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From Old French theorique, probably from Medieval Latin *theōrica, from Ancient Greek θεωρική (theōrikḗ).


theoric (plural theorics)

  1. (obsolete) Theory, as opposed to practice. [14th-19th c.]
    (Can we find and add a quotation of Shakespeare to this entry?)
    • , II.27:
      We travel into Italie to learne the art of fencing, and practise it at the cost of our lives, before we know it; it were requisite, according to the order of true discipline, we should preferre the theorike before the practike.
    • 1621, Democritus Junior [pseudonym; Robert Burton], The Anatomy of Melancholy, Oxford: Printed by Iohn Lichfield and Iames Short, for Henry Cripps, OCLC 216894069:, II.2.4:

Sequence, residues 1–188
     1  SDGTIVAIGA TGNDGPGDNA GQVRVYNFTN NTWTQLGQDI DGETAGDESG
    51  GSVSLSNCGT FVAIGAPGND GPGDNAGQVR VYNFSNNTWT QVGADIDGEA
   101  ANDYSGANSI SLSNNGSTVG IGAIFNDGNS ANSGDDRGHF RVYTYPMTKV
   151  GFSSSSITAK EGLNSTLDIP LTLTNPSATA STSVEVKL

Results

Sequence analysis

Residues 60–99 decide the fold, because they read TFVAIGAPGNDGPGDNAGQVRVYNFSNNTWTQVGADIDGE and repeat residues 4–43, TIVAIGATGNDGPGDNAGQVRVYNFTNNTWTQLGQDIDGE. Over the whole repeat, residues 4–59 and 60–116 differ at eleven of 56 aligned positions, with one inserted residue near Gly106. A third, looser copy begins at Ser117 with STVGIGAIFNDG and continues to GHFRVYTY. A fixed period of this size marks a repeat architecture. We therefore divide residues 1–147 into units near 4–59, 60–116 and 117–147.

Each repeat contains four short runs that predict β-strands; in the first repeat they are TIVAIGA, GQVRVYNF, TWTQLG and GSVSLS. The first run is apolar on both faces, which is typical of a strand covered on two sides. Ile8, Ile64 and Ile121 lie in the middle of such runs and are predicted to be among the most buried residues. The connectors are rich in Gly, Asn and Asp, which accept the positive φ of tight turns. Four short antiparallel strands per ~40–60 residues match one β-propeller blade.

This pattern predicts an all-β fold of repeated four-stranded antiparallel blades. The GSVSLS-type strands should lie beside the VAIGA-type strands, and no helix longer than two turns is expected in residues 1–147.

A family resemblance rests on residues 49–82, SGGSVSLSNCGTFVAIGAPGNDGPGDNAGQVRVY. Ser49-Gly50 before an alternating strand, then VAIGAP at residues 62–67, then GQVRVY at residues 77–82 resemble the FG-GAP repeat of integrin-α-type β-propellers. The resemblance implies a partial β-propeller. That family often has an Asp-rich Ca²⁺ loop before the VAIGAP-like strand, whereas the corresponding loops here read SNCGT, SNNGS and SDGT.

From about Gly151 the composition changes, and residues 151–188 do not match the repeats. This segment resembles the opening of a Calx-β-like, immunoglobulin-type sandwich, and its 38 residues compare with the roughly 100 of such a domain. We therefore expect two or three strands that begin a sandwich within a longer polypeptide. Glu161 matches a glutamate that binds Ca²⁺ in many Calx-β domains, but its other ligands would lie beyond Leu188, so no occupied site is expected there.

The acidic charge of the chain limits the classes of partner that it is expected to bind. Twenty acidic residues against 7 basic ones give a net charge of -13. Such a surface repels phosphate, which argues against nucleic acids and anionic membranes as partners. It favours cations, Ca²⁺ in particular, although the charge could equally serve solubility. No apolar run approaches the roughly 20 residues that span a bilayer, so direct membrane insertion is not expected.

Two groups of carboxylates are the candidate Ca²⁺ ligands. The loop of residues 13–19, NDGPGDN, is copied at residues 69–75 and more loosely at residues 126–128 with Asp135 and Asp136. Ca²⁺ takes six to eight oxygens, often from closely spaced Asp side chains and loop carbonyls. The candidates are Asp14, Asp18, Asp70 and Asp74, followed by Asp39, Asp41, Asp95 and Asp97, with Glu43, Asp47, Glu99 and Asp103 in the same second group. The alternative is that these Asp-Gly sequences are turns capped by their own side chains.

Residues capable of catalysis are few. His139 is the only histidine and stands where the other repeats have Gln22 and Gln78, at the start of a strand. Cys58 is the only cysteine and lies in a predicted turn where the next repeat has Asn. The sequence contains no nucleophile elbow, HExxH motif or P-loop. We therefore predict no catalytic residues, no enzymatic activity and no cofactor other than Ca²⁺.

Jucundus [] confesseth of himself, that he was mightily delighted with these husbandry studies, and took extraordinary pleasure in them: if the theoric or speculation can so much affect, what shall the place and exercise, the practic part, do?


theoric (comparative more theoric, superlative most theoric)

  1. (obsolete) Relating to, or skilled in, theory.
    • Massinger
      A man but young, / Yet old in judgment, theoric and practic / In all humanity.
  2. Relating to the Ancient Greek Theorica.